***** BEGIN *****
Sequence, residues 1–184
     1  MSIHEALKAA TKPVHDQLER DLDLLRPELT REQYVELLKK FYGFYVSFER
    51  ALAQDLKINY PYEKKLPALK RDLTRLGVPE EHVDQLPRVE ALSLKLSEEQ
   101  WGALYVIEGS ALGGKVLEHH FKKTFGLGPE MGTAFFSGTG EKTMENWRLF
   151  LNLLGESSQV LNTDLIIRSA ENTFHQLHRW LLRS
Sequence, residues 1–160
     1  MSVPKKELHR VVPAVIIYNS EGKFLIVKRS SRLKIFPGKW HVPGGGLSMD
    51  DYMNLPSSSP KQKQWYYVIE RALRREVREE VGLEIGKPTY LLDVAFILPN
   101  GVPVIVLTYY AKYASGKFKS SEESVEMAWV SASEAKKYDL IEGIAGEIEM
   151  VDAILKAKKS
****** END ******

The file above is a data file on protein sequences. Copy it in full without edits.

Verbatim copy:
Sequence, residues 1–184
     1  MSIHEALKAA TKPVHDQLER DLDLLRPELT REQYVELLKK FYGFYVSFER
    51  ALAQDLKINY PYEKKLPALK RDLTRLGVPE EHVDQLPRVE ALSLKLSEEQ
   101  WGALYVIEGS ALGGKVLEHH FKKTFGLGPE MGTAFFSGTG EKTMENWRLF
   151  LNLLGESSQV LNTDLIIRSA ENTFHQLHRW LLRS
Sequence, residues 1–160
     1  MSVPKKELHR VVPAVIIYNS EGKFLIVKRS SRLKIFPGKW HVPGGGLSMD
    51  DYMNLPSSSP KQKQWYYVIE RALRREVREE VGLEIGKPTY LLDVAFILPN
   101  GVPVIVLTYY AKYASGKFKS SEESVEMAWV SASEAKKYDL IEGIAGEIEM
   151  VDAILKAKKS